Finally, some will say principle dictates that we should spend our time debating what we believe to be important, regardless of the voters (or "the polls", as they usually put it when making this point). In which case, I hope they enjoy themselves. But let's hear no more from them about that majority.

George Eaton is political editor of the New Statesman.

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Rising crime and fewer police show the most damaging impacts of austerity

We need to protect those who protect us.

Today’s revelation that police-recorded crime has risen by 10 per cent across England and Wales shows one of the most damaging impacts of austerity. Behind the cold figures are countless stories of personal misery; 723 homicides, 466,018 crimes with violence resulting in injury, and 205,869 domestic burglaries to take just a few examples.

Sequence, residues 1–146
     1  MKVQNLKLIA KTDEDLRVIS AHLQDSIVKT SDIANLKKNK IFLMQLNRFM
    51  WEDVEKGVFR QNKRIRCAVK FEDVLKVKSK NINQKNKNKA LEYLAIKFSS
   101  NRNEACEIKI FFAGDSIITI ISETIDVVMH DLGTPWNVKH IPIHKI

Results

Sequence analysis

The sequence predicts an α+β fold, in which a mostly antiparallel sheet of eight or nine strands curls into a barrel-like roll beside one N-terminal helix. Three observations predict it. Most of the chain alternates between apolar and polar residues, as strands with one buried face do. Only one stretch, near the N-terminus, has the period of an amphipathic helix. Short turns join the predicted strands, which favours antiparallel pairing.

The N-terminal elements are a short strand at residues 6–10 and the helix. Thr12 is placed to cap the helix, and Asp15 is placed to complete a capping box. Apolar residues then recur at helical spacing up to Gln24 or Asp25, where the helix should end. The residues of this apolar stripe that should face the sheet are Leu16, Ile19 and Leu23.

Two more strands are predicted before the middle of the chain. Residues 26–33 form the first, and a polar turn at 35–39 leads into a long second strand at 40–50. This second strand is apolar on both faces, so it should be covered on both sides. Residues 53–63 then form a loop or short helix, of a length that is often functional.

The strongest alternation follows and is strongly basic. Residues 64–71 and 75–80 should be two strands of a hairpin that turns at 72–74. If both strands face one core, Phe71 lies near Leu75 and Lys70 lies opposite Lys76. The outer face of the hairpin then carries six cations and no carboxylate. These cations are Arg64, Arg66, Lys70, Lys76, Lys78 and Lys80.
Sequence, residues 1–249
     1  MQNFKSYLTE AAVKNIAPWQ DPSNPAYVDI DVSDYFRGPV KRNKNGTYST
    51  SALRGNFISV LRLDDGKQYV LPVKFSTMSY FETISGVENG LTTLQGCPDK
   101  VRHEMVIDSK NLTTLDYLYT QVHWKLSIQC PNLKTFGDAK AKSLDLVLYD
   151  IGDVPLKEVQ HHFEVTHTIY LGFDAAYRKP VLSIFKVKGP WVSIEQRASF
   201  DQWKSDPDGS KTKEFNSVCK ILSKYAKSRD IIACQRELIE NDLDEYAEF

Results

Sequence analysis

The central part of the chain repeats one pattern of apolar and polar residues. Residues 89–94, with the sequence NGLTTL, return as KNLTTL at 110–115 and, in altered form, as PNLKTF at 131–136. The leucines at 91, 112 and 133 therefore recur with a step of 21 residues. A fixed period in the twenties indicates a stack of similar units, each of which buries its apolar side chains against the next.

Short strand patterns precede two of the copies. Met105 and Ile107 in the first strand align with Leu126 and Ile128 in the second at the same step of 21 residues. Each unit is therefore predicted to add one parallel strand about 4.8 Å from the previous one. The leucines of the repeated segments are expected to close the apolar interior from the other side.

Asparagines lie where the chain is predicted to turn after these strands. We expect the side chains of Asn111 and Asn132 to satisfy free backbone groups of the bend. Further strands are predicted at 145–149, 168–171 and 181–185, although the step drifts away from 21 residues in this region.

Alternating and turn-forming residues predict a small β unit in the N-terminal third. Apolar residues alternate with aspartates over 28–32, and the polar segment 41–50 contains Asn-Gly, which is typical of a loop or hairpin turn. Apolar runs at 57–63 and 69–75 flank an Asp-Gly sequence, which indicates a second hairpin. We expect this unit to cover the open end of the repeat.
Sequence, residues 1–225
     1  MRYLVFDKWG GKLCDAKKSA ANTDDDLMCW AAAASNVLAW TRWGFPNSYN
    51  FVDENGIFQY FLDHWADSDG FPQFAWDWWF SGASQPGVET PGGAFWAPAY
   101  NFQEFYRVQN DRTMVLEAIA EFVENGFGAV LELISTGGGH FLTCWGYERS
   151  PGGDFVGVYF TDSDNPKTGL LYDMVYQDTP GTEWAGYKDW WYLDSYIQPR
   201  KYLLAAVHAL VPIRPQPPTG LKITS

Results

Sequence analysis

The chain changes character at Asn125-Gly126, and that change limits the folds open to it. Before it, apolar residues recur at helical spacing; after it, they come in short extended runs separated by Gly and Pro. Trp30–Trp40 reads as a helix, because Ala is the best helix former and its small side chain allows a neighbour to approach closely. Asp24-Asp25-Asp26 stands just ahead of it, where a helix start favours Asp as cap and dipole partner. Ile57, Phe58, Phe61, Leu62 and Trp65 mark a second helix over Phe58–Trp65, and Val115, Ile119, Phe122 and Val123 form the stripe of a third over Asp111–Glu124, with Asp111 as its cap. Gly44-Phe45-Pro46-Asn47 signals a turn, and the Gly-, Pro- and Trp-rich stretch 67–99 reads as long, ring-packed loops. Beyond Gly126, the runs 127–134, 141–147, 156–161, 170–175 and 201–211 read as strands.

It is crucial that politicians of all parties seek to address this rising level of violence and offer solutions to halt the increase in violent crime. I challenge any Tory to defend the idea that their constituents are best served by a continued squeeze on police budgets, when the number of officers is already at the lowest level for more than 30 years.

This week saw the launch Chris Bryant's Protect The Protectors Private Member’s Bill, which aims to secure greater protections for emergency service workers. It carries on where my attempts in the last parliament left off, and could not come at a more important time. Cuts to the number of police officers on our streets have not only left our communities less safe, but officers themselves are now more vulnerable as well.

As an MP I work closely with the local neighbourhood policing teams in my constituency of Halifax. There is some outstanding work going on to address the underlying causes of crime, to tackle antisocial behaviour, and to build trust and engagement across communities. I am always amazed that neighbourhood police officers seem to know the name of every kid in their patch. However cuts to West Yorkshire Police, which have totalled more than £160m since 2010, have meant that the number of neighbourhood officers in my district has been cut by half in the last year, as the budget squeeze continues and more resources are drawn into counter-terrorism and other specialisms .